Study Favors Insulin Pump Vs Daily Injections

October 11, 2013

October 11, 2013

A cross-sectional study by Signe Rosenlund, MD, of Steno Diabetes Center in Gentofte, Denmark, showed that patients using insulin pumps were associated with less arterial stiffness compared to those who underwent multiple daily injections.

The patients who received treatment via subcutaneous insulin infusion through the pump had a noticeably slower pulse wave velocity of 9.3 m/s as compared to the 10.4 m/s in patients who received their insulin via injection.

According to Dr. Rosenlund, "Pulse wave velocity is an important predictor of cardiovascular disease and cardiovascular endpoints, so if pump treatment in some way either protects the vessels or can modify pulse wave velocity, it would be clinically very relevant because heart disease is still a problem in diabetes patients,"

In the measurement of arterial stiffness, aortic pulse wave velocity is more direct and precise than pulse pressure. A tonometer is used in the test to measure pressure waves inside the arteries. The device is first placed externally over the carotid artery, followed by the femoral artery in order to measure results. Slower waves would indicate arterial patency and plasticity, while faster waves would indicate stiffness.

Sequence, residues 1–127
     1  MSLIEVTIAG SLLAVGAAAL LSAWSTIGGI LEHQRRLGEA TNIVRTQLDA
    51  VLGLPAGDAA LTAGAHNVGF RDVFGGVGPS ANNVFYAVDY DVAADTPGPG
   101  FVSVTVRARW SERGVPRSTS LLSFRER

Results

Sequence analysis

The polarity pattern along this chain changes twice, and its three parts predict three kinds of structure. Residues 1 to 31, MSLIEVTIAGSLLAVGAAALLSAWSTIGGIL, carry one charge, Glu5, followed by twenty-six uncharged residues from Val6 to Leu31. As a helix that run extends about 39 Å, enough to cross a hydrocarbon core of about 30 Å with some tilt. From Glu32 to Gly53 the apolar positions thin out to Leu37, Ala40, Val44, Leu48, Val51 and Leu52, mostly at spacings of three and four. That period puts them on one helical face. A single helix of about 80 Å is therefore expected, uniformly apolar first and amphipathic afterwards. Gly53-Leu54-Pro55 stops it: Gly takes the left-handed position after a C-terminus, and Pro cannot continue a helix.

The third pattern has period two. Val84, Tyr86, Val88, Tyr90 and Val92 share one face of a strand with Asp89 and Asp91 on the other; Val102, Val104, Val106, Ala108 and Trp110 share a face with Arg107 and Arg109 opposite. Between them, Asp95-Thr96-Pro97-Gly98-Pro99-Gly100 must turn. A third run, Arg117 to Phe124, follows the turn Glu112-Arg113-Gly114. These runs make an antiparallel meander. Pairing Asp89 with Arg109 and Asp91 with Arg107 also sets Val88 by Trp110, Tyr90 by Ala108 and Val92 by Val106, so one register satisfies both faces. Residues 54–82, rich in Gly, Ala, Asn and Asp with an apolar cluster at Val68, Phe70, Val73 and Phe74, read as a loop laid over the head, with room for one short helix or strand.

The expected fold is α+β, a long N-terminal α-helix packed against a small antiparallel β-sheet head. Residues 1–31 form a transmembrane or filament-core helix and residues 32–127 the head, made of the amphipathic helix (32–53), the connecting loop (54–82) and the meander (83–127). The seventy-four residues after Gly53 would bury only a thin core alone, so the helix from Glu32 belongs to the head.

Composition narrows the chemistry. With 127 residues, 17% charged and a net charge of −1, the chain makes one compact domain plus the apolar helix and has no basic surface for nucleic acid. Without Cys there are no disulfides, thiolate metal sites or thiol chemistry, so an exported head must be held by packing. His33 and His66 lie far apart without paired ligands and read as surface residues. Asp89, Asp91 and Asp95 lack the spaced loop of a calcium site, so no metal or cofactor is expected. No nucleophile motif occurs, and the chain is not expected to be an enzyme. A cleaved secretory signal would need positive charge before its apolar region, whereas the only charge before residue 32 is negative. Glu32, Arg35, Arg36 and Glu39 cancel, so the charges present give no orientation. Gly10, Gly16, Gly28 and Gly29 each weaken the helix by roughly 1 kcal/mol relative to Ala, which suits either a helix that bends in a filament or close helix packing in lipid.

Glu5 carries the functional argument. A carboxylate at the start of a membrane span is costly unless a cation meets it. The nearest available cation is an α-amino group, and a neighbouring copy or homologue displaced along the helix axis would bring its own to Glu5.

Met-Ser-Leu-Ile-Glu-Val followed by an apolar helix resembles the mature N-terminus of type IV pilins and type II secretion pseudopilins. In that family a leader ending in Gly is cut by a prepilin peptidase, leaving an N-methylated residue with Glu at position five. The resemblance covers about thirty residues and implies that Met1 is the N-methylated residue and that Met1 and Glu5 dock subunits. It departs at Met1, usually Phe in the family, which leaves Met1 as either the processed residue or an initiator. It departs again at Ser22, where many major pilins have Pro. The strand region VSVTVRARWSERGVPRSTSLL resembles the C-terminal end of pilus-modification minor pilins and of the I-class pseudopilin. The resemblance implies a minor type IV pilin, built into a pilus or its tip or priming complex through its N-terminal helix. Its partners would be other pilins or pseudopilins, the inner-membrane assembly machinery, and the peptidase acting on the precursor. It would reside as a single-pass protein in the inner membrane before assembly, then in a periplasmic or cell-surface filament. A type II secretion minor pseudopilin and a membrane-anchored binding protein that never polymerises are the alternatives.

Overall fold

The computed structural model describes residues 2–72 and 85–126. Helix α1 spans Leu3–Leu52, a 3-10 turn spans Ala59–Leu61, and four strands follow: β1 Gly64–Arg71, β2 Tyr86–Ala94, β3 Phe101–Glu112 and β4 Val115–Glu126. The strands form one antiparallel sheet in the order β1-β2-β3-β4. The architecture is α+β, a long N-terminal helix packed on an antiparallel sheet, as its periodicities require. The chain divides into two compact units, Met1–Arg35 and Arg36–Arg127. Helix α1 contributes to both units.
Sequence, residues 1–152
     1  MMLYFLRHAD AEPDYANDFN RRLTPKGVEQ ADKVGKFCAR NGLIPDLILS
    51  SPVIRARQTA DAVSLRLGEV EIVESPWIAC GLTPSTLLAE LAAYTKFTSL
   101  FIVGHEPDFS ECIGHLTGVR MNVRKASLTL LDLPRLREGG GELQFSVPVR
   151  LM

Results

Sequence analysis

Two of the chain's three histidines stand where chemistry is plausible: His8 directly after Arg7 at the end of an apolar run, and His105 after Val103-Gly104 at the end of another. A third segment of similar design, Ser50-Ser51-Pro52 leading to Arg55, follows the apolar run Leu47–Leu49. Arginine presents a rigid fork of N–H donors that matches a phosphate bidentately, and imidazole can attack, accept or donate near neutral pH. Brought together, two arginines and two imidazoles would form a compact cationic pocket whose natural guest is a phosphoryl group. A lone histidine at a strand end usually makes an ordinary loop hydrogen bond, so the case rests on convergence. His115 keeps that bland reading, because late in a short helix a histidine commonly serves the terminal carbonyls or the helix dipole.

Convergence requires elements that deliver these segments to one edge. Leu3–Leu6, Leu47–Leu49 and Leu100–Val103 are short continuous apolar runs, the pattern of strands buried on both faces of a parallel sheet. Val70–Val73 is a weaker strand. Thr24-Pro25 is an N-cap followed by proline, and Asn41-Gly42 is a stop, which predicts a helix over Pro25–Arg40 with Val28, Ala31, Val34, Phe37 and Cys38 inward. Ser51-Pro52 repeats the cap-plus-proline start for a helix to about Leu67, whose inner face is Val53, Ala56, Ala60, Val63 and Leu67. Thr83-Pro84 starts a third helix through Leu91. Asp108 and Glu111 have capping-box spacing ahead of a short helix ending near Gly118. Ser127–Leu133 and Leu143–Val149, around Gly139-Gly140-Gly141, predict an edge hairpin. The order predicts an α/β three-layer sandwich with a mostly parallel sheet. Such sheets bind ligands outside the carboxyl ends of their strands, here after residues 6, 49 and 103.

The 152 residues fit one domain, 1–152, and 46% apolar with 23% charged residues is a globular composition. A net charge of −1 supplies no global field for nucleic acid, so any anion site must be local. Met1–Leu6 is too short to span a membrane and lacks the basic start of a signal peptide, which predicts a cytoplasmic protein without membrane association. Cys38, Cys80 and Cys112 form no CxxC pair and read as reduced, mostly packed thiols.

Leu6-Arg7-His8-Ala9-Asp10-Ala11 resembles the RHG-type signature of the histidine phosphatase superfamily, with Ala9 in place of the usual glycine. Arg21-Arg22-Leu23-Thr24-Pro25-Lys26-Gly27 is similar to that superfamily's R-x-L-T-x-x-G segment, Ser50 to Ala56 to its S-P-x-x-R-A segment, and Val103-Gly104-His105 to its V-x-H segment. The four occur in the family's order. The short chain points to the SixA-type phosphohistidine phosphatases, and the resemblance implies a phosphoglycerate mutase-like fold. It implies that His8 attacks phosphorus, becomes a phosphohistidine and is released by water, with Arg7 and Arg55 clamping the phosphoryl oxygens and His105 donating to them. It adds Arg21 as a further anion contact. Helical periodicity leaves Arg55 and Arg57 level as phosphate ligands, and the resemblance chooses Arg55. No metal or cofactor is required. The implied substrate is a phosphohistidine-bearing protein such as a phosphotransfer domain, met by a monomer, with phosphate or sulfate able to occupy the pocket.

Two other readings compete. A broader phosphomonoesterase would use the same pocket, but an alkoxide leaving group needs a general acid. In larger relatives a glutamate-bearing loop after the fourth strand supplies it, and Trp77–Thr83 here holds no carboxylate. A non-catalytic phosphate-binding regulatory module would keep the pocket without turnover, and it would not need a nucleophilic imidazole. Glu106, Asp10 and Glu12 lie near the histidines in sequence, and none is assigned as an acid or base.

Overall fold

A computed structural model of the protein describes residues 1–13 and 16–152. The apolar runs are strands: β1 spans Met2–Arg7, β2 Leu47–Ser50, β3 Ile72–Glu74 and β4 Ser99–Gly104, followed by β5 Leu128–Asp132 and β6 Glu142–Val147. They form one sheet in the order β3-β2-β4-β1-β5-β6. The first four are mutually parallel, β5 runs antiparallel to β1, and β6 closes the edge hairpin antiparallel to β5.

Prior studies have established a relationship between type 1 diabetes and arterial stiffness, with the presence of diabetes complications showing a higher pulse wave velocity. Another study has associated insulin pump treatment with reduced glucose variability and improved glycemic control, both of which might have beneficial effects on vascular function.

According to Dr. Rosenlund, a precise explanation for the lower pulse wave velocity in patients using an insulin pump remains unclear. However, she and her group have plans to perform an extended follow-up of the patients to explore potential mechanisms as well as hold randomized trials to confirm any of the potential benefits observed in the cross-sectional study.

As medical advancements in infusion systems continue to arise, it is important for hospitals and healthcare providers to have up-to-date and properly serviced infusion pumps. AIV offers parts and services for most leading infusion pumps. Browse through AIV’s replacement pump parts and repair services at

About the Author

Laura Collier

Laura Collier

Laura Collier has a Bachelor’s Degree in Communications and a Master’s Degree in Business Administration from the University of North Florida. She is the Marketing Manager at AIV, Inc.

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